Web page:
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Cardiac manifestations following electrocution in children

Published online by Cambridge University Press:  18 August 2008

Alon Haim*
Department of Cardiology, Soroka University Medical Center, Beer-Sheva, Israel
Nili Zucker
Department of Cardiology, Soroka University Medical Center, Beer-Sheva, Israel
Aviva Levitas
Department of Cardiology, Soroka University Medical Center, Beer-Sheva, Israel
Shaul Sofer
Department of Pediatric Intensive Care Unit, Soroka University Medical Center, Beer-Sheva, Israel
Amos Katz
Department of Cardiology Division, Faculty of Health Sciences, Ben-Gurion University of the Negev, Beer-Sheva, Israel
Eli Zalzstein
Department of Cardiology Division, Faculty of Health Sciences, Ben-Gurion University of the Negev, Beer-Sheva, Israel
Correspondence to: Alon Haim MD, Pediatric Cardiology Unit, Soroka University Medical Center, Beer-Sheva, Israel. Tel: 972 8 640 3050; Fax: 972 8 640 0665; E-mail:



Electrical injury can result in a variety of cardiac abnormalities. We evaluate the cardiac effects in patients injured by electric shock and treated in our medical centre.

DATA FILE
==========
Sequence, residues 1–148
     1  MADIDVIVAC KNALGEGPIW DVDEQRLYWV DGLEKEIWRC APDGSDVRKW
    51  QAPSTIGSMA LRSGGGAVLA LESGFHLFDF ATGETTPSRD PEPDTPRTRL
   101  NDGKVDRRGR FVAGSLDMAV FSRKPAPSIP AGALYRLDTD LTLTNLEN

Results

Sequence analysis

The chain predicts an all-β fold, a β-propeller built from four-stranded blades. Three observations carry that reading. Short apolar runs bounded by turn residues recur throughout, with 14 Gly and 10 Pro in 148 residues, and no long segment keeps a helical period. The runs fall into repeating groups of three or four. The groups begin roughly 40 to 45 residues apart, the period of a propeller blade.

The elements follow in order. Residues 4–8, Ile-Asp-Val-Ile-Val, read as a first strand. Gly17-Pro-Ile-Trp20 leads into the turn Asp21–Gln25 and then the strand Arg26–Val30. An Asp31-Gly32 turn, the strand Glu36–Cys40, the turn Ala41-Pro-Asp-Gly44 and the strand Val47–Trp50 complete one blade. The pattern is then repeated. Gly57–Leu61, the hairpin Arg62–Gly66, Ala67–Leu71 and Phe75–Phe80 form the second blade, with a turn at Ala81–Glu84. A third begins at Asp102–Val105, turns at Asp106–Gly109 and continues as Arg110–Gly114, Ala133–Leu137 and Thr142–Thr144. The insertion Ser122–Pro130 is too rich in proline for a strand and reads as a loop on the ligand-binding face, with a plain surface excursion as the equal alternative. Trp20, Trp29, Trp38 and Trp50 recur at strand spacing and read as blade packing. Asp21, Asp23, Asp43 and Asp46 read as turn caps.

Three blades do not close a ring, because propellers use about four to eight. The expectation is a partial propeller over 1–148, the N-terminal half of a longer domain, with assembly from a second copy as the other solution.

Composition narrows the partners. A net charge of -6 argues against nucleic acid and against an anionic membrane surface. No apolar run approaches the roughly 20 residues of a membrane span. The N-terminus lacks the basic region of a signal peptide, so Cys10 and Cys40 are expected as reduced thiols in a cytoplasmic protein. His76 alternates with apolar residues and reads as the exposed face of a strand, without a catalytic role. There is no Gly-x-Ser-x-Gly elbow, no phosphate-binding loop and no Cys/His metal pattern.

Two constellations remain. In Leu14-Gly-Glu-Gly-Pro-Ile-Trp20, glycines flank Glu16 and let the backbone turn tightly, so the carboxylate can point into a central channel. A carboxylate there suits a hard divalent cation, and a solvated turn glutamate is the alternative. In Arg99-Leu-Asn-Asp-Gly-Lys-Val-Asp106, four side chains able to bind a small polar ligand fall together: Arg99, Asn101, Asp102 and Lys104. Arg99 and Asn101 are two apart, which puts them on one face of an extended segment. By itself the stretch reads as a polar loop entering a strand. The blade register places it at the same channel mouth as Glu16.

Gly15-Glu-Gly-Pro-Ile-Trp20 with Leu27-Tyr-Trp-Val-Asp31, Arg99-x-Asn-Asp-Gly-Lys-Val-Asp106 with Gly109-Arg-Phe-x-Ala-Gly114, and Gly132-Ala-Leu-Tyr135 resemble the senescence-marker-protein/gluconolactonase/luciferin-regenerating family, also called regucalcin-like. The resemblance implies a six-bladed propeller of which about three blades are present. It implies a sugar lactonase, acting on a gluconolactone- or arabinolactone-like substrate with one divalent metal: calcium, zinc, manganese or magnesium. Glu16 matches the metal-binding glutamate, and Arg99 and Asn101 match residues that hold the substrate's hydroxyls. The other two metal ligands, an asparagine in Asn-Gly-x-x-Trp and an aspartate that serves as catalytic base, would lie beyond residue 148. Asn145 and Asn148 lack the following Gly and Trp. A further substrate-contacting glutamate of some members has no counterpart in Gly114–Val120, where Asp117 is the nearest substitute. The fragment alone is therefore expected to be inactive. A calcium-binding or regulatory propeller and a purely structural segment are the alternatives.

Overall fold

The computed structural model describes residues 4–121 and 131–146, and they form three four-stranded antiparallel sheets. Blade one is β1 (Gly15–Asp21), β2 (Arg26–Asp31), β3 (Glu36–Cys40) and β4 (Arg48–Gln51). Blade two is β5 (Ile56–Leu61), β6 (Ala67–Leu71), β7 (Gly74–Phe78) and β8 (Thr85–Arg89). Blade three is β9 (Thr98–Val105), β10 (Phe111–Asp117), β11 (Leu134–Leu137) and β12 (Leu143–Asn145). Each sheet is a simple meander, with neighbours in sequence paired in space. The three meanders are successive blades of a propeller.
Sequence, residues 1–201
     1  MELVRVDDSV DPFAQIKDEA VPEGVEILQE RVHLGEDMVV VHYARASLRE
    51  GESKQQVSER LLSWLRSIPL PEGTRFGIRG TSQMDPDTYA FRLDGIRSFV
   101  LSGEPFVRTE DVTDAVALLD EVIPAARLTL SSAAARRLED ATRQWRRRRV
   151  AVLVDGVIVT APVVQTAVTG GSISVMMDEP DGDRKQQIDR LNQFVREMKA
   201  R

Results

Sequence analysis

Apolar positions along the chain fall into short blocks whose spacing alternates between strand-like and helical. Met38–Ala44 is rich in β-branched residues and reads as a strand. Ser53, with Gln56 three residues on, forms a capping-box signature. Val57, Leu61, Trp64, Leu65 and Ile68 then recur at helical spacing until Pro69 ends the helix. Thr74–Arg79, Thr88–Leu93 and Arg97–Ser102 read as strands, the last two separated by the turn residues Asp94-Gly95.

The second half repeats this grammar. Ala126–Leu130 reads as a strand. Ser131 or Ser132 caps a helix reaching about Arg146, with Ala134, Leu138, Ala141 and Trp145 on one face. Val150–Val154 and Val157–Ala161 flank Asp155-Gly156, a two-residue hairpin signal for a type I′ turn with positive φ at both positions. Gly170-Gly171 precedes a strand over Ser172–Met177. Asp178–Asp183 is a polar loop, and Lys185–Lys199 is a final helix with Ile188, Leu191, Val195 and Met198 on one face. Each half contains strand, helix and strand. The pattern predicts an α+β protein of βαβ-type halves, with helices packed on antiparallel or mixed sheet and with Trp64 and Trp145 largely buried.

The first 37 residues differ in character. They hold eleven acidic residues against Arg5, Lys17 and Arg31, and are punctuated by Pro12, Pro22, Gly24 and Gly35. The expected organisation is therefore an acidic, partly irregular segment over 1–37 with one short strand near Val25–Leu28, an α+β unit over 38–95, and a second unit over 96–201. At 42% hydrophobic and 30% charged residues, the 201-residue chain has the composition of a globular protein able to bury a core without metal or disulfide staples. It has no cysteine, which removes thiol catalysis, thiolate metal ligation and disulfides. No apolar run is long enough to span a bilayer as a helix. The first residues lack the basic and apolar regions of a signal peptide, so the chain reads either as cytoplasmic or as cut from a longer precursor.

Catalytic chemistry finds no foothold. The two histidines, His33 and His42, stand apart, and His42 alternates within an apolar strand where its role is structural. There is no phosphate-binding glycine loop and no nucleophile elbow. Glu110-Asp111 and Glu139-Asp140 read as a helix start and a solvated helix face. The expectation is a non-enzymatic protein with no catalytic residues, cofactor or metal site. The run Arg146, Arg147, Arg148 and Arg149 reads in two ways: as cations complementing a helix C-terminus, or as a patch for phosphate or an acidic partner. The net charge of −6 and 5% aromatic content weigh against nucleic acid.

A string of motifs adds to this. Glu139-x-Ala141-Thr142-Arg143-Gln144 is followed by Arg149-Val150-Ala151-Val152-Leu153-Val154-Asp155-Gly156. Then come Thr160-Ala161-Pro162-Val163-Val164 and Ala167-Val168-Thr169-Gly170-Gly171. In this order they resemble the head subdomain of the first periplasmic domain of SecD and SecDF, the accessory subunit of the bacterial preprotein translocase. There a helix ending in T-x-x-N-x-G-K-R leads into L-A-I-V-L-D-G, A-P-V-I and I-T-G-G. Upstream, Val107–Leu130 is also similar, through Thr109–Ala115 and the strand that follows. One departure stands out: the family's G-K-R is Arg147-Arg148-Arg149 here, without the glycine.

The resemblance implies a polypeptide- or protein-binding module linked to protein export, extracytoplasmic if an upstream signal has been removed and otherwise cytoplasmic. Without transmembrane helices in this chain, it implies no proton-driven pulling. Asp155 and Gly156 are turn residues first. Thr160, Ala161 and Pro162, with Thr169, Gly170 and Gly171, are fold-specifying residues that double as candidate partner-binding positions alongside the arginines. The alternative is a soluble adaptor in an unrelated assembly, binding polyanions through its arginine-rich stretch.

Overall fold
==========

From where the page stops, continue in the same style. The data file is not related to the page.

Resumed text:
We reviewed retrospectively the findings in 52 children, aged from 7 months to 17 years, with a mean age of 10.1 ± 5.1 years, all evaluated and treated for accidental electric shock from January, 1992, through July, 2004. Relevant data regarding clinical presentation, electrocardiogram recording and cardiac enzymes was compiled. We also evaluated the echocardiographic findings, clinical course, treatment, and outcome.


Syncope had been the presenting symptom in 17 children (33%), asystole in 1 patient, and ventricular fibrillation or tachycardia in 2 patients. Characteristic changes of acute ischaemia of the anterior wall on the basis of changes in the ST segments were noted in 2 patients. Total creatine phosphokinase was measured in 33 children (63%), and was elevated in 20. Creatine phosphokinase-MB was measured in 11 patients, and was abnormal in six (54%). Troponin was measured in three children, and was significantly high in one (33%). Cardiopulmonary resuscitation and mechanical ventilation for a significant period was necessary in 5 patients, of whom 4 (80%) survived. None of the survivors was left with any cardiac disability following the acute event.


Significant cardiac damage and complications are rare in children and young adults who survive incidental electrocution. Most of the cardiac events are observed during the acute phase and immediately subsequent to electrocution. No delayed complications are anticipated.

Original Article
Copyright © Cambridge University Press 2008

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